Forgo the first night and cancel the rest of the reservation
Another solution to avoid no-shows, is allowing guests to cancel at the last minute provided they absorb the first night’s cost or pay a cancellation fee. This policy allows the hotel to resell the room and enables travelers to get back some of their accommodation costs.
As the chosen guest won’t be staying for the whole duration of their booking, you can make the room available again and you can use a reservation management software to determine which is the best room to make available based on the customer's preferred features. If there were several rooms booked under the reservation, using such a tool you can make bulk reservation updates and update relevant details for all of them together. You can thereby effectively distribute your reservations in a way that will make these last minute changes easy.
Work on a case by case basis
Not all cancellations are the same. Even some nonrefundable reservations should have some recourse, especially in cases of bereavement or illness. You may want to ask for some documentation in order to justify why they are cancelling a nonrefundable room such as a death certificate or a letter from the doctor, but this can also come across as callous so be careful if you choose to do so – it’s usually better to take a guest at their word. While policies for nonrefundable rooms should be in most cases respected, of course in some cases, a certain amount of permissibility should be allowed.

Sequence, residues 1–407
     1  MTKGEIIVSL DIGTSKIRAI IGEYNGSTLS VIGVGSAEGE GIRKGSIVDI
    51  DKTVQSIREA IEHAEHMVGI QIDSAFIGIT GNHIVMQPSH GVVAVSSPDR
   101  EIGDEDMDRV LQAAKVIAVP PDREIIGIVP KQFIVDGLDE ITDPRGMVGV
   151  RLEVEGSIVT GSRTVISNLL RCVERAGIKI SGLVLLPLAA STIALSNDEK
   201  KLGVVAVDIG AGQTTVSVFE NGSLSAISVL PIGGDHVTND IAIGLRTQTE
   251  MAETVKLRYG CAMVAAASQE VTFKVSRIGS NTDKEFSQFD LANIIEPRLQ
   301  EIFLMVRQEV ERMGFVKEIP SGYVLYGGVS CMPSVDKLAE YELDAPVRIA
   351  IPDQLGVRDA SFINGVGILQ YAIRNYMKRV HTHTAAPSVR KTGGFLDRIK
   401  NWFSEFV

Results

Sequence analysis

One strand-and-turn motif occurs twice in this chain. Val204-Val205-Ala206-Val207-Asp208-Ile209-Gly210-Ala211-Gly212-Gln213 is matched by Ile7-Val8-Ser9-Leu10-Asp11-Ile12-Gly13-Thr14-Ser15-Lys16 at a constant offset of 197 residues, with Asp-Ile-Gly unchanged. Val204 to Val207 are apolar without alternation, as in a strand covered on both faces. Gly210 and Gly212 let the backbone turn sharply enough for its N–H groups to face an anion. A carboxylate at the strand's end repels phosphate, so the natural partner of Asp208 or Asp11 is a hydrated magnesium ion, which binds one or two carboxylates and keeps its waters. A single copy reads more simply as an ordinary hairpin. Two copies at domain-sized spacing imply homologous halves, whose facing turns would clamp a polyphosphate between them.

What do you do if a guest asks for a refund on a nonrefundable room without a valid reason? They may argue that you can resell the room, so it's only fair that they should get some money back. In this case, stay strong and make sure you can point them towards your website where your nonrefundable rate policy is clearly stated.
It’s not fun to play the bad guy, but at the end of the day policies are created for a reason. As long as you’re not making one of the ten avoidable hotel mistakes, chances are you won’t lose the client over a nonrefundable room.
As we’ve mentioned in this article, having a non-refundable rate can reduce cancellations and help you secure guaranteed payment for reservations. That is to say, guests pay the full price if they cancel, make changes, or no-show. Nonetheless, plans change all the time and unexpected situations may arise, so for this reason, it’s a good idea to have a policy in place should this happen.
Avoid making your contingency plan public, otherwise you might end up having to make exceptions to your nonrefundable room policy on a regular basis. Of course, you should leave space to your managers to use their best judgment about whether or not to be lenient.
In this article we’ve also discussed the different solutions to handling changes to nonrefundable rooms, such as selling hotel reservations, giving booking credit or forgoing the first night’s stay, but in any case it’s important to address the best way to handle such a situation on a case to case basis.